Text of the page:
The attack began on 20 November at 6.20 a.m. along a ten kilometre wide front. The Tank Corps provided 476 tanks (of which 350 were armed) to lead six infantry divisions into the field. The bombardment which accompanied the attack was carefully timed and took the Germans by surprise. The British also used Livens projectors to shower poison gas on various parts of the front.
Preceded by a rain of explosive shells, the tanks made quick progress and soon reached the enemy's trenches. The Hindenburg Line had never before been so deeply penetrated. The surprise and terror provoked by the tanks among the German ranks caused several units to retreat and the British took 8,000 prisoners on the first day of the offensive. Never had an attack advanced so quickly since 1914 and by the evening of 20 November the British vanguard had won nine kilometres of terrain and was closing in on Cambrai.
But once again the problem of capitalizing on the initial breakthrough reared its head. Anecdotal evidence points to a British tank compromising the movements of the cavalry in the vicinity of Masnières Hill but a more fundamental problem was the tardy arrival of reinforcements caused by the heavy congestion on the roads: it took fifteen hours for troops to cover the final five kilometres to the front...
In fact, the impact of the first assault dissipated along with the element of surprise and the Germans were soon harassing the foremost troops from the heights of Bourlon Wood. On 23 November the British started to do something about this, just as the bells began to peal in Great Britain to mark what seemed to be a miraculous victory. Under a hail of artillery fire, several tanks and a Welsh infantry brigade succeeded in getting a foothold in part of Bourlon Wood but soon found themselves isolated.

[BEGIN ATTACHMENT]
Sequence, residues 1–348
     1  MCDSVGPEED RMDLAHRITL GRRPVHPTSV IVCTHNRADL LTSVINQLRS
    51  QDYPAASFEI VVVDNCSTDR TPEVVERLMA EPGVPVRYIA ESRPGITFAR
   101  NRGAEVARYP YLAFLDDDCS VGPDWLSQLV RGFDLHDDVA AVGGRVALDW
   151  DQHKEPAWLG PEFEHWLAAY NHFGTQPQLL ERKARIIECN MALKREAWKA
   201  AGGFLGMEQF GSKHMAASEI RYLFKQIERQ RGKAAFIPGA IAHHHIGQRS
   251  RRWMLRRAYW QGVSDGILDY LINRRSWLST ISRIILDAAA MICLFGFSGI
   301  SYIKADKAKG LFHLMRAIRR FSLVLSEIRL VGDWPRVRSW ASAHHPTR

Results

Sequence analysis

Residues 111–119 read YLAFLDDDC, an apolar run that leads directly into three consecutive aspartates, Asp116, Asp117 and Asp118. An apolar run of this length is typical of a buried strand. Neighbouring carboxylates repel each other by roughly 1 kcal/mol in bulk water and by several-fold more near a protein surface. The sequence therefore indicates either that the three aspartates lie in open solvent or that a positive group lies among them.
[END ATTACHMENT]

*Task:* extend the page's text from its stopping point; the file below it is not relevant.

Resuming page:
Ludendorff's first reaction to execute a major retreat was rapidly abandoned in favour of mounting a counter-attack. He set about assembling twenty divisions and by the morning of 30 November they were poised to retaliate. Their success was immediate and devastating. Supported by a barrage of poison gas shells, the Germans advanced more than five kilometres in two hours and, at one point, threatened to envelop several British divisions which had become isolated in a minor salient. Ludendorff put into practice new methods of fighting which consisted of infiltrating the enemy's lines with small groups of highly-skilled and heavily-armed soldiers. Developed by the field commander Oskar von Hutier, these new infiltration tactics had already been successful on the Italian front.
By the time the fighting had come to a close, on 4 December, the initial and unexpected success of the British Army had deteriorated into a total failure. All the terrain which had been won in the initial stages of the offensive had to be abandoned and the losses, although similar for both sides, were high. The British casualties amounted to 44,000 killed, wounded and lost in action (including 6,000 prisoners) and the Germans 45,000 (including 10,000 prisoners).
Yves Le Maner
Director of La Coupole
History and Remembrance Centre of Northern France